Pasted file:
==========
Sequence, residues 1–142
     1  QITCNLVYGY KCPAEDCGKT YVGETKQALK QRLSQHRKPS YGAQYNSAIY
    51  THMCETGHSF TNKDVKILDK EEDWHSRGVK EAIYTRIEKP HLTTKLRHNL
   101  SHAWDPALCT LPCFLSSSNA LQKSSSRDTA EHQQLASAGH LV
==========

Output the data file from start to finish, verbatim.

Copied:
Sequence, residues 1–142
     1  QITCNLVYGY KCPAEDCGKT YVGETKQALK QRLSQHRKPS YGAQYNSAIY
    51  THMCETGHSF TNKDVKILDK EEDWHSRGVK EAIYTRIEKP HLTTKLRHNL
   101  SHAWDPALCT LPCFLSSSNA LQKSSSRDTA EHQQLASAGH LV